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Title: The electrical characterisation of Si and Si/Si₁₋ₓGeₓ/Si structures grown by molecular beam epitaxy
Author: Brighten, James Cordeaux
ISNI:       0000 0001 3480 0784
Awarding Body: University of Warwick
Current Institution: University of Warwick
Date of Award: 1993
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Si/Si1-xGex strained layer heterostructures offer great promise for applications in field-effect and bipolar devices; however, their usefulness depends on a knowledge of the purity and perfection of both the bulk and heterointerfacial regions. Very little work has been published on the characteristics of the Si/Si1-xGex heterointerface via electrical means, the practice to date being to fabricate devices and indirectly assess the interface via the quality of the device characteristics. The present work has focused on the direct electrical characterisation of Si and Si/Si1-xGex/Si layers grown by Molecular Beam Epitaxy (MBE), in order to investigate the band offset at the Si/Si1-xGex heterointerface and electrically active centres in both the bulk and heterointerfacial regions. Sputtered Ti Schottky barriers were found to provide suitable rectifying barriers for electrical measurements on the MBE layers. Current-Voltage (I-V) characteristics revealed excessive reverse leakage currents in early work carried out; this was attributed to metallic contamination located preferentially in the alloy region. The use of liners around the Si and Ge charges reduced the in-diffusion of metallics and dramatic improvements were found in the material quality as observed from the I-V characteristics. The large extracted barrier heights from C-V measurements reflected the stability and reproducibility of the Schottky contacts and provided rectifying barriers of sufficient quality to access the bulk epilayers via depletion-capacitance techniques. Capacitance-Voltage (C-V) profiling allowed heterojunction features in the apparent free carrier distribution to be observed, for the first time, in Si/Si1-xGex/Si layers for 0 < x < 0.2. Numerical integration of these profiles allowed valence band offsets to be extracted which were in good agreement with those predicted theoretically. The effects of traps on C-V measurements were observed in Si and Si/Si1-xGex/Si layers; considerable carrier compensation was apparent, occurring to a greater extent in the alloy layers. Use of C-V simulations allowed the reconstruction of apparent free carrier distributions, using the extracted valence band offset, interface charge density and trap distributions (the latter determined by Deep Level Transient Spectroscopy (DLTS)) as input parameters; simulations were also used to assess the validity of the experimentally determined heterojunction parameters in the presence of interfacial traps. DLTS studies were used to determine the distribution and nature of deep states in both Si and Si/Si1-xGex/Si structures. Well defined deep level peaks were observed in the bulk Si and Si1-xGex regions whilst distortion occurred to the spectra in the Si/Si1-xGex heterointerfacial region. This latter distortion is attributed to the significant band bending that occurs in this region. Apparent trap concentrations increased with Ge composition and also showed an increase in the Si1-xGex as compared to the Si regions. Broadening of the deep level spectra was investigated via simulation in terms of carrier emission from a band of energies in the band-gap and allowed a correction to the underestimated trap concentrations. The donor-like nature of the well defined features, determined from the logarithmic filling and field-independent behaviour and their dependence on growth temperature and anneal, suggested the origin of the electrical activity could lie with point defect/dislocation interactions. Structural analysis carried out on the structures investigated here indicated the presence of Fe and O; it is considered that both impurities, in point defect form, could interact with the threading and misfit dislocations present to produce the electrical activity observed.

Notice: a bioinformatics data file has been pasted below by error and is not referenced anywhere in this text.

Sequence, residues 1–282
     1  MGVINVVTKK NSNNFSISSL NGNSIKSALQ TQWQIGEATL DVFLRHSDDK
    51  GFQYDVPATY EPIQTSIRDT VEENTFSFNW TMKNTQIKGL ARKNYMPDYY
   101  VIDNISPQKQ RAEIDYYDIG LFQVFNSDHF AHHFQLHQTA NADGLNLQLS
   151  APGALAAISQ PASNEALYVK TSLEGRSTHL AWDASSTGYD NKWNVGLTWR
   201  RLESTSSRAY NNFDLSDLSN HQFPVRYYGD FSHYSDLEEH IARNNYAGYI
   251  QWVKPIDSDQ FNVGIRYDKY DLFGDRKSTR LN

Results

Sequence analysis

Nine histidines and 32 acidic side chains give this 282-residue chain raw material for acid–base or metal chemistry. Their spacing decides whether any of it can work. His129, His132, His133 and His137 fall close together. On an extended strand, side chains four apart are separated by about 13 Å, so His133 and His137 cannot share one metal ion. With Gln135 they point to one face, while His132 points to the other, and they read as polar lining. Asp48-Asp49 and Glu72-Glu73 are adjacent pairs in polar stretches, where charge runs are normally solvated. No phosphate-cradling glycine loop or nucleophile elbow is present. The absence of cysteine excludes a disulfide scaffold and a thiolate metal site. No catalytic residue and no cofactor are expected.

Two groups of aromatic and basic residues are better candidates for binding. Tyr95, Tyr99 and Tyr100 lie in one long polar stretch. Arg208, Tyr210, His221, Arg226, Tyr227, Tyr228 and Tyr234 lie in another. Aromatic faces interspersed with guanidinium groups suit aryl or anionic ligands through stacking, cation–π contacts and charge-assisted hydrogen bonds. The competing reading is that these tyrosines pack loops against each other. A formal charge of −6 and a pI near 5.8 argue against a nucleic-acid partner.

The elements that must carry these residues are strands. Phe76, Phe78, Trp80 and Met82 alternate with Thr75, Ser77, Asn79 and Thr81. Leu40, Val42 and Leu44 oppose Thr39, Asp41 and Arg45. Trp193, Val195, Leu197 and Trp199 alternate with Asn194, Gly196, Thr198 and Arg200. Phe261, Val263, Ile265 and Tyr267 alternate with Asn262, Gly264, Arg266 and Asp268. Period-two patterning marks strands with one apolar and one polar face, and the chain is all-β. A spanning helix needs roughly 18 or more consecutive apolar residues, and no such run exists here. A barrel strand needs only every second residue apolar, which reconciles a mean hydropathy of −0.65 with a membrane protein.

Supervisor: Not available Sponsor: Not available
Qualification Name: Thesis (Ph.D.) Qualification Level: Doctoral
EThOS ID:  DOI: Not available
Keywords: QC Physics